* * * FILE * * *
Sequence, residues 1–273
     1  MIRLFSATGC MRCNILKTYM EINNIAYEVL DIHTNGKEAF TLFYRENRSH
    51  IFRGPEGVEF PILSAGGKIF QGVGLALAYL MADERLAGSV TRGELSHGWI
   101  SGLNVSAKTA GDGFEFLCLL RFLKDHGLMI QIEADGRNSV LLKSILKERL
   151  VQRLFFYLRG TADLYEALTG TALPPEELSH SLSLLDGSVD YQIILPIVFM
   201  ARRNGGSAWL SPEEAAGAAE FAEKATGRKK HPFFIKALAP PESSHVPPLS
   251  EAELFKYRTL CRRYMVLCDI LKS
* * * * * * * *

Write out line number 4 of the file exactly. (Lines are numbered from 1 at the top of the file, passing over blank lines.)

   101  SGLNVSAKTA GDGFEFLCLL RFLKDHGLMI QIEADGRNSV LLKSILKERL